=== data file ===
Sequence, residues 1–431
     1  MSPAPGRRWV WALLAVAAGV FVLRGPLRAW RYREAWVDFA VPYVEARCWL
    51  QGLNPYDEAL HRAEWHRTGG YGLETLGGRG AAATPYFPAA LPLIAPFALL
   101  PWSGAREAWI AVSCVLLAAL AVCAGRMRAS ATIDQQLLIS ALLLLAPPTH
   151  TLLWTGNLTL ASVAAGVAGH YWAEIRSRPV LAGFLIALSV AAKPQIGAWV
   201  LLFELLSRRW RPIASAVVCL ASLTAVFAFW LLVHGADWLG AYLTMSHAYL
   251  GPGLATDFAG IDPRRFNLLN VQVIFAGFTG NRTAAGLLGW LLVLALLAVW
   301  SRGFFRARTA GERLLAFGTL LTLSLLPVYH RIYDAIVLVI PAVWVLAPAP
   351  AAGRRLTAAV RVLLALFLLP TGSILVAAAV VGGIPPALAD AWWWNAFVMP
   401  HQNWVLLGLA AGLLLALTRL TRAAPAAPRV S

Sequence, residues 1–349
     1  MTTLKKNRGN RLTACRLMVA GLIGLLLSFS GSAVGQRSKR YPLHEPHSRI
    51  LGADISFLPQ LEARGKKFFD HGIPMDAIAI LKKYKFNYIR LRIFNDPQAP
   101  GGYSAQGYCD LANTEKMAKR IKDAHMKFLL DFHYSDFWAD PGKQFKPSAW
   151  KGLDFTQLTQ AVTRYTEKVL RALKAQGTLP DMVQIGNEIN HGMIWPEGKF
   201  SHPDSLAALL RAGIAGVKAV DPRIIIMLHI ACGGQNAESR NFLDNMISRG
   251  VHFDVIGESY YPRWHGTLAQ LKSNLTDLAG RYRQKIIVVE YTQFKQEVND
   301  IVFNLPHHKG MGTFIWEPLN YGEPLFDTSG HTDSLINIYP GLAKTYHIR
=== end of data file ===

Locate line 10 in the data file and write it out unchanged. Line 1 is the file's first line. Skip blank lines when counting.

   401  HQNWVLLGLA AGLLLALTRL TRAAPAAPRV S